Natasha Gregson Wagner was 11 years old when her mother, the actor Natalie Wood, drowned off Catalina Island on Thanksgiving weekend, 1981. Wagner’s recollection of hearing the news of her mother’s death that rainy morning is the first scene of Natalie Wood: What Remains Behind, a HBO documentary reflecting on Wood’s storied life and career. Wood’s death at 43 was a public spectacle – a vibrant, famous life cut short, compounded by mysterious circumstances ripe for speculation: a night-time drowning, no witnesses.
But the tragedy – and speculation on what, exactly, happened that night off Catalina – has “overshadowed her life’s work and who she was as a person”, says Wagner early in the film. And she did leave much behind: two biological children and extended families of stepchildren; her husband, the actor Robert Wagner, who was with her on their yacht, the Splendour, the night she died; numerous A-lister friends and beloved confidants; and a legacy as a titan of mid-century American film, a rare model of child stardom who muscled through the old studio system into mature success.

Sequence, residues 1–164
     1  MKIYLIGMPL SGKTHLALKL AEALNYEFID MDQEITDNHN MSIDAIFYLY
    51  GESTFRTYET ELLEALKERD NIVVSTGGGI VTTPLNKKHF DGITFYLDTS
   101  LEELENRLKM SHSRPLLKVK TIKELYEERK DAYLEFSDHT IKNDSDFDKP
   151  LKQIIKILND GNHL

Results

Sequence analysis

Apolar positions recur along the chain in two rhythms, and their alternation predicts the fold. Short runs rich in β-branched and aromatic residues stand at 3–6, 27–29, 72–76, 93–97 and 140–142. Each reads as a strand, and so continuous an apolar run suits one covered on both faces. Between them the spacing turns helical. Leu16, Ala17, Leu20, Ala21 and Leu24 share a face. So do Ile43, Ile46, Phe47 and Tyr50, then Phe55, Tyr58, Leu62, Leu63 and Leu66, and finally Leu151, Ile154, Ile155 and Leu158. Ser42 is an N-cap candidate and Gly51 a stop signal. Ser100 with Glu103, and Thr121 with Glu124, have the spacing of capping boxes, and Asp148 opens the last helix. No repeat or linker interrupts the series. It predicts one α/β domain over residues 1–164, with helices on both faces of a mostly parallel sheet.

The film does address the elephant in the room – Natasha interviews her stepfather about renewed media and law enforcement interest into his role in her mother’s death – but is understandably wary of pulling too hard on that shadow. Instead, it delves deep into the archives, as well as interviews with friends like Robert Redford and Mia Farrow, to present evidence of a strikingly candid, trailblazing woman and mother in Hollywood, the star of such films as West Side Story and Miracle on 34th Street. “My goal was to cast the attention on her life, period,” Natasha told the Guardian. “Not the night she died.”
Wood, born Natalia Nikolaevna Zakharenko to Russian immigrant parents in San Francisco in 1938, began acting at age five, after she stumbled upon a film shoot in Santa Rosa and was chosen for a bit part. Her enterprising, domineering mother, Maria, a classic mom-ager before there was such a term, soon moved the family to Los Angeles to pursue Natalie’s acting career. By her teens, Natalie was a studio child star, a doe-eyed well of emotion on screen and a seasoned professional off it. By 15, she had earned an Oscar nomination for best supporting actress as the repressed, flippant love interest to James Dean in Rebel Without a Cause.